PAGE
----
Every heart sings a song, incomplete, until another heart whispers back. Those who wish to sing always find a song. At the touch of a lover, everyone becomes a poet.
~Plato

        Writing a song is not just an exercise in seeking some kind of future fame. It is simply an exercise in making your own indelible mark upon the world—a setting in the stone of eternity a pattern that captures the sound, sense, and sensibility, an imprint against the ravages of time time of who and what you are and what you aspire to leave behind.

And it is surely not rocket science. But it can and will take you farther down the road of being a writer and further into the realms of possibilities of wordcrafting and creation. Writing songs stands alongside poetry and prayer as the nearest thing to perfection in words. It is a hammering of the malleable into an uncrushable icon of our being, Though created by us, it is born and released into the greater world as a gift from our time on this planet.

There is an interplay of words and music which is somehow magical and leaves us astonished, sometimes for reasons beyond our understanding. There are few, if any, people I have encountered who are not in some way shape or fashion, unmoved by music, and it is a sad and cynical teacher of writing who does not try to lay bare the underpinnings of song and let the genius of his or her students the time and place to create what is undeniably the most universal of needs because we—the great “we” of humanity need music.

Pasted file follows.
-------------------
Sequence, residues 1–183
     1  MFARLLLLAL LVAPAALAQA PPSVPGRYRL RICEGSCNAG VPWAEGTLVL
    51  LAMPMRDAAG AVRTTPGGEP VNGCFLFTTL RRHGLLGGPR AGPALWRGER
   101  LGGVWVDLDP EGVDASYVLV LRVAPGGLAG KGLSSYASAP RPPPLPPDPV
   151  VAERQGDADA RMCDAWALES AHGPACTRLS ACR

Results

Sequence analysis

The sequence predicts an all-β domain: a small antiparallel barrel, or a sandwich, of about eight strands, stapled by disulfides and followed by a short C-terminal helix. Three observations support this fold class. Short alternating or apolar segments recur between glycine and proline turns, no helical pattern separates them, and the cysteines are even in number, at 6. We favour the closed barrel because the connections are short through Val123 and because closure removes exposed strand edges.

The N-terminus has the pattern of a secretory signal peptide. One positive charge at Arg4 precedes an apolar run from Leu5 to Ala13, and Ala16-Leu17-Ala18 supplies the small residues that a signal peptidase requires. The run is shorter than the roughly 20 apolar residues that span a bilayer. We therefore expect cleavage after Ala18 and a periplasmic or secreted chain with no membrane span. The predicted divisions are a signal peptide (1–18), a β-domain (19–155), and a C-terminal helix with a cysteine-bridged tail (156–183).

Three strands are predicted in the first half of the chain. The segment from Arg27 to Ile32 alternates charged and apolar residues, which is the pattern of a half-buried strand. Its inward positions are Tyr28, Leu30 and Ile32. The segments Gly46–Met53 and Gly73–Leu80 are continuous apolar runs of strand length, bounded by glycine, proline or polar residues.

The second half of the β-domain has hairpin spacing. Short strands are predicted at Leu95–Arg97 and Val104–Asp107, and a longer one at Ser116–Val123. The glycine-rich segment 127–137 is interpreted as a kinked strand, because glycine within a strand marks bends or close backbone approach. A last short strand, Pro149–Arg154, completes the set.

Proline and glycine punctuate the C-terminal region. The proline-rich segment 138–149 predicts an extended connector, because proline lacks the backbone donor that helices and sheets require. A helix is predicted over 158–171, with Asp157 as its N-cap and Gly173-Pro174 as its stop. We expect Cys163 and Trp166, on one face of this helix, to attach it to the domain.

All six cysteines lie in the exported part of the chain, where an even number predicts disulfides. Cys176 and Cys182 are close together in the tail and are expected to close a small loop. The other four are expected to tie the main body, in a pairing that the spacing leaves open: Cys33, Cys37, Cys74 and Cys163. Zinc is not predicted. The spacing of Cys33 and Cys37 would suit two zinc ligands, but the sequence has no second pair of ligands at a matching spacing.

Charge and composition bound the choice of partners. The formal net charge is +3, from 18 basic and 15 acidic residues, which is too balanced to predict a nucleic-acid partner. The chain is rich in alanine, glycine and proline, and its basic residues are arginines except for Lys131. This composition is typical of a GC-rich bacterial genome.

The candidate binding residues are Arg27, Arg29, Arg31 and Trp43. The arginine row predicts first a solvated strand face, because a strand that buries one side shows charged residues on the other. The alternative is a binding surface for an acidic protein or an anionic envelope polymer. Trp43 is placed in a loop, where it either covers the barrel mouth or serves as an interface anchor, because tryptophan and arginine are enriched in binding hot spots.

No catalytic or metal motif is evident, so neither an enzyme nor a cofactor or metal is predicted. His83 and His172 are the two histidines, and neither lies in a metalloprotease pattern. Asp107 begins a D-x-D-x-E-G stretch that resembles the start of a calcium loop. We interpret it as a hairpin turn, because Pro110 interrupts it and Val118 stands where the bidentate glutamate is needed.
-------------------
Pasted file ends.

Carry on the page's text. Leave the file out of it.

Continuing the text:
We always have and always will.

Writing a song, or songs, will be the work we begin this week. Hopefully, this seed will fall on fertile ground. It will be up to you to tend this soil as a farmer his or her field.

Be prepared; be open, and be willing to explore what’s in a song.

 It should be a pretty cool thing! 

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